Our past always runs with us
We know and recognize things because we remember them. Without memory we would have a hard time finding our way in the world.
You could say that we mainly live in a “remembered present”, to use a familiar phrase from Gerald Edelman. In psychotherapy you therefore always work with things from the past: emotions, beliefs, body sensations and behaviour that are reactivated in the here and now. All therapy considered in this way is regression therapy.
Regression” literally means “going back”. In the context of psychotherapy we mean by this that someone relapses in behaviour and functioning. This compared to what you would normally expect from her/him. A person reverts to behaviour from an earlier period in her/his life, usually childhood. A brief example to illustrate: an employee who performs excellently in her work does not get out of her words during a performance interview. She feels insecure, nervous and confused. People don’t know her like that. During this conversation her behaviour is very different than expected. The competent employee seems to have turned into an insecure and nervous child. In this case you can think of regressive behaviour.
Regression therapy is very suitable if you respond “out of context”, that is, if your behaviour, your emotions and thoughts are very different from what would normally be logical and appropriate in the situation in question. In everyday terms, we speak in this case of an overreaction. Your behaviour, emotions and your physical response then lack a logical connection with the stimulus (also called trigger) that activates you. Often you know that it is an old kind of feeling and behaviour, something you have experienced much longer and more often. We consider these kinds of overreactions in our psychotherapeutic work as involuntary trances, also called natural trances.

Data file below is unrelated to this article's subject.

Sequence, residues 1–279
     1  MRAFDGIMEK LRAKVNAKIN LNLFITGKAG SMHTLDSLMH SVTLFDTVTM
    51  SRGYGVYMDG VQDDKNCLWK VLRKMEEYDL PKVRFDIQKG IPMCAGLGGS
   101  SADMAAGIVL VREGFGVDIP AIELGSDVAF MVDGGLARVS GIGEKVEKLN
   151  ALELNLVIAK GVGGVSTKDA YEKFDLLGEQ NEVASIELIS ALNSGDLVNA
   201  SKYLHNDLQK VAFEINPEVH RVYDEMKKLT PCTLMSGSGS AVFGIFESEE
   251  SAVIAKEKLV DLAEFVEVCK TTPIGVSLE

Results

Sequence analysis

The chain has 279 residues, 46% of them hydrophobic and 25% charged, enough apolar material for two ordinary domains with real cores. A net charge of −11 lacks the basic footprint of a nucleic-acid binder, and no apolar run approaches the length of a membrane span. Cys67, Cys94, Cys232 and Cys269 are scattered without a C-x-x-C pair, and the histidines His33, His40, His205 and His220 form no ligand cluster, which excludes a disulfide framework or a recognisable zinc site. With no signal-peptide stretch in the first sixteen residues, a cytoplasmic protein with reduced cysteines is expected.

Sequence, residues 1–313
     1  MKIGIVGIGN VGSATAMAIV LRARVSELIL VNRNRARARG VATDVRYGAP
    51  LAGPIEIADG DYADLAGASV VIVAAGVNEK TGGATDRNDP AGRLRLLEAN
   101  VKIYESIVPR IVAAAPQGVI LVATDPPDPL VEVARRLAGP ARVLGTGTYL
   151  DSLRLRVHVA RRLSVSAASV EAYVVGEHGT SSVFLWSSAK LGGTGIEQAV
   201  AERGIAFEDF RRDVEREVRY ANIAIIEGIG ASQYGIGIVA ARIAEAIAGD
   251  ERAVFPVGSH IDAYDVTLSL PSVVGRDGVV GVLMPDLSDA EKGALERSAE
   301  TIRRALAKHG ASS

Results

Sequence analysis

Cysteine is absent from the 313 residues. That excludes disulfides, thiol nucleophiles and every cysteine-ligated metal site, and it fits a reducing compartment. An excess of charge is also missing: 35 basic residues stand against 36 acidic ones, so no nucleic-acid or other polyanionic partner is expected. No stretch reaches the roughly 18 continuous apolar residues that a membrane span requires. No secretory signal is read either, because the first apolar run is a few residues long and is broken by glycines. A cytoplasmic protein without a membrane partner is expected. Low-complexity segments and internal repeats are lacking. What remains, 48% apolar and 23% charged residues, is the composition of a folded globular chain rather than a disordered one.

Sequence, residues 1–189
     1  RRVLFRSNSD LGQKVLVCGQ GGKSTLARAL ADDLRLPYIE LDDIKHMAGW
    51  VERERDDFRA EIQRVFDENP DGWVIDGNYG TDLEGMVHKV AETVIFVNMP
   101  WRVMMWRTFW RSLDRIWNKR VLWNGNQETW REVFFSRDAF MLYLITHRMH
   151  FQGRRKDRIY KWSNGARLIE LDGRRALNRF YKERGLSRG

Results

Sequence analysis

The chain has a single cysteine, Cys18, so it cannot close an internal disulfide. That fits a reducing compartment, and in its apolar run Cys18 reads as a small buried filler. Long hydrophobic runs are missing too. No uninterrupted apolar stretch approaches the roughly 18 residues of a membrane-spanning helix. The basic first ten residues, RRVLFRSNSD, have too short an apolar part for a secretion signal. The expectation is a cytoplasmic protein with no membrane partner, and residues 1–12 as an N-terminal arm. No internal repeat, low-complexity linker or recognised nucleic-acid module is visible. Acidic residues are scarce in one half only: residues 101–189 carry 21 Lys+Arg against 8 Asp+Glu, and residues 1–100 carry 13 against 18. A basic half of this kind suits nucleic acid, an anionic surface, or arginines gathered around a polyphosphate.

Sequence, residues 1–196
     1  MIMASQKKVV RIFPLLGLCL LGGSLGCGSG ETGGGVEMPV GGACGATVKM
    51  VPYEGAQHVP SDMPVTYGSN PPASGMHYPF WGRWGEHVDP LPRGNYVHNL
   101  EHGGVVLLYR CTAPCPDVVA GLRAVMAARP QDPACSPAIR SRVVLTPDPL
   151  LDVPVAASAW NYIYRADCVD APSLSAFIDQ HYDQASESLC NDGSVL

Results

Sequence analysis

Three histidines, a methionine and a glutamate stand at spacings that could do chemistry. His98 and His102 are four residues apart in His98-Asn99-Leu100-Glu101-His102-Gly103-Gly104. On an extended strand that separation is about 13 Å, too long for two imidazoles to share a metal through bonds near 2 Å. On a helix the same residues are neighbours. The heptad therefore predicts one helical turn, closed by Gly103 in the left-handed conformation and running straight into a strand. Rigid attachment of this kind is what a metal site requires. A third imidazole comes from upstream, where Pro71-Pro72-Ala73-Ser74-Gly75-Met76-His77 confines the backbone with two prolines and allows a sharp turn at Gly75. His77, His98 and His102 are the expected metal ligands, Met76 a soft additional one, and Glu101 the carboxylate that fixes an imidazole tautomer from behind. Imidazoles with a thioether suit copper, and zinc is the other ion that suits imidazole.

Usually, with an “out of context” response the whole person is in an uproar. We explore all responses with the client. For example, in a regression therapy session we first look at the situation and context in which you showed the regressive behaviour, and we investigate the possible triggers that triggered this behaviour and how you reacted to it. We then pay attention to what you do, what you experience in your body and how it makes you feel. Obstructing beliefs and self-judgments also often come to surface.
Consciously “regress” to let an involuntary, natural trance dissolve
The above reactions, the mental, emotional and physical reactions of the client, are the building blocks of a session. With all of these responses we build a “bridge” between the “out of context” experience of the here-and-now and underlying memories of there-and-then, earlier in the client’s life. By focusing your attention on this, the involuntary, natural trance is deepened. This way memories from past situations can be activated and you can see situations again or relive feelings from there and then. With the conscious attention of the here-and-now you can process old feelings, let go of pent-up tension and pain, and revise old judgments about yourself. This conscious attention and feeling the connection with your adult capacities and insights, together with the safe guidance of the therapist, ensure that you can distance yourself from the traumatic experiences.